Time in nature and getting our hands dirty as we cultivate new growth, can certainly be therapeutic. With this in mind, at Newport Academy, students work together to build gardens and tend to them weekly. As a result, this allows teens to get to taste the fruits and vegetables of their efforts at mealtimes.
Horticulture Therapy dates back to Socrates, but was first explored through a scientific lens in the 18th century. Dr. Benjamin Rush, recognized as the “father of American psychiatry”, documented the positive effect that working in gardens had on individuals with mental health challenges. In the wake of World War II, rehabilitation facilities for military veterans drew on Rush’s work. For this reason, horticulture gained wide acceptance as a therapeutic modality. Furthermore, today, its uses include a broad range of rehabilitative, vocational, and community settings.
Benefits of Horticulture Therapy
Our Horticulture instills a sense of nurturing and hope. In addition, teens bring plants to life through proper care and nutrition, and watch them blossom over time. This is a powerful tool for confidence building and stress reduction (gardening has been shown to reduce the stress hormone cortisol). It also ignites an awareness of personal responsibility and environmental awareness.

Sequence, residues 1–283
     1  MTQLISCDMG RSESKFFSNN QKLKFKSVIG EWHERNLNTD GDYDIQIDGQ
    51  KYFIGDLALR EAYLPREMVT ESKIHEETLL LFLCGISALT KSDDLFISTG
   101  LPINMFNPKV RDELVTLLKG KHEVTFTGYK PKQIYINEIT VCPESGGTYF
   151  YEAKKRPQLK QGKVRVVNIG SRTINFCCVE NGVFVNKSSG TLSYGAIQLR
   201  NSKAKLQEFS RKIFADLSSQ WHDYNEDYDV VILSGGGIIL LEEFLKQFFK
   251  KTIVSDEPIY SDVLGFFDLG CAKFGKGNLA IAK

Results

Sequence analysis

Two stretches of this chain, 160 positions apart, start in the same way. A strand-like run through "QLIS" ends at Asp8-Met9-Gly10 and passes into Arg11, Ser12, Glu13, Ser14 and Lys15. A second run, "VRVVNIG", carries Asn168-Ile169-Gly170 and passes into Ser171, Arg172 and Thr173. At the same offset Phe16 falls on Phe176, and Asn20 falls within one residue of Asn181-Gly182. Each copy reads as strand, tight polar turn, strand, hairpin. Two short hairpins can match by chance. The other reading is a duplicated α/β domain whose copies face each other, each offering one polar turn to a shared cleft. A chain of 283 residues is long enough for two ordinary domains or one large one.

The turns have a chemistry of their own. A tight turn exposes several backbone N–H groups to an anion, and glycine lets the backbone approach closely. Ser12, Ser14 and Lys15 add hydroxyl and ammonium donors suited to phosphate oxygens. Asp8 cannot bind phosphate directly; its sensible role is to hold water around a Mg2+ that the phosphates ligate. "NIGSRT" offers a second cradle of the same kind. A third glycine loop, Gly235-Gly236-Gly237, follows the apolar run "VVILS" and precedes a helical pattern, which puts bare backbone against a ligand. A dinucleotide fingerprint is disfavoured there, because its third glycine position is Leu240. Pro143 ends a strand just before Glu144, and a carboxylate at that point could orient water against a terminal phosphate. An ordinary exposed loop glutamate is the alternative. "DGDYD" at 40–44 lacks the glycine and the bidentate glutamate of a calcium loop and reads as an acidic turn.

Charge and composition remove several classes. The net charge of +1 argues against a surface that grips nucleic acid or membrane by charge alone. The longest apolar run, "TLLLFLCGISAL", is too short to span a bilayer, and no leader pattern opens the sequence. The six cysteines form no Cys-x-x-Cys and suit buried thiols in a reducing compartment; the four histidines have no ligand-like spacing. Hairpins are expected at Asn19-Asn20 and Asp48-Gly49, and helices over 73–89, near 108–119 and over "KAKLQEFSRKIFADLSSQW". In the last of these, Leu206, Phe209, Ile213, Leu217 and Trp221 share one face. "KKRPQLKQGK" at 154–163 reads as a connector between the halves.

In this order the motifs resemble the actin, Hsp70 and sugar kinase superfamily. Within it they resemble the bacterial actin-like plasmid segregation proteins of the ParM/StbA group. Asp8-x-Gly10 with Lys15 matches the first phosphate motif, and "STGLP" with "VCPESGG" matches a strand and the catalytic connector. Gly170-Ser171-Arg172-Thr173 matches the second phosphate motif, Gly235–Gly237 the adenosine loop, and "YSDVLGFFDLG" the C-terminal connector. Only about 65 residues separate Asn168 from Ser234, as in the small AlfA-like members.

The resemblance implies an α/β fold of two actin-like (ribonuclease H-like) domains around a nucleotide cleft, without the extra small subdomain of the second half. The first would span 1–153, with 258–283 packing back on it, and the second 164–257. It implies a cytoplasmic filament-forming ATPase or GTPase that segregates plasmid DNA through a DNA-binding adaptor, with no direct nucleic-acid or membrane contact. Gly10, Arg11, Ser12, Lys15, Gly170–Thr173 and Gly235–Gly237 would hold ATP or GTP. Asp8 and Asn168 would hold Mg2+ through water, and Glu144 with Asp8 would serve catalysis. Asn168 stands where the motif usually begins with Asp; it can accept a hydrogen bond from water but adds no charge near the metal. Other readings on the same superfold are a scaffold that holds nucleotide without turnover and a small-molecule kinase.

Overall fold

Published in the Journal of Therapeutic Horticulture, a 2010 study at a juvenile rehabilitation center with a gardening program showed that horticulture therapy helped students view themselves more positively and better manage their emotions and behavior.
Journal of Therapeutic Horticulture